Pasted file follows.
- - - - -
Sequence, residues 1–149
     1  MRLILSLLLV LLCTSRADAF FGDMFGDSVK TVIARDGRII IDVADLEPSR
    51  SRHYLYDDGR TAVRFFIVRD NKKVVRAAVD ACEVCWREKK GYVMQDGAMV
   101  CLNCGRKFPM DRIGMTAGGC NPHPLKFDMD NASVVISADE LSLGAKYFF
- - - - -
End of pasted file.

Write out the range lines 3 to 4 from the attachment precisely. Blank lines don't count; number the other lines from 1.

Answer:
    51  SRHYLYDDGR TAVRFFIVRD NKKVVRAAVD ACEVCWREKK GYVMQDGAMV
   101  CLNCGRKFPM DRIGMTAGGC NPHPLKFDMD NASVVISADE LSLGAKYFF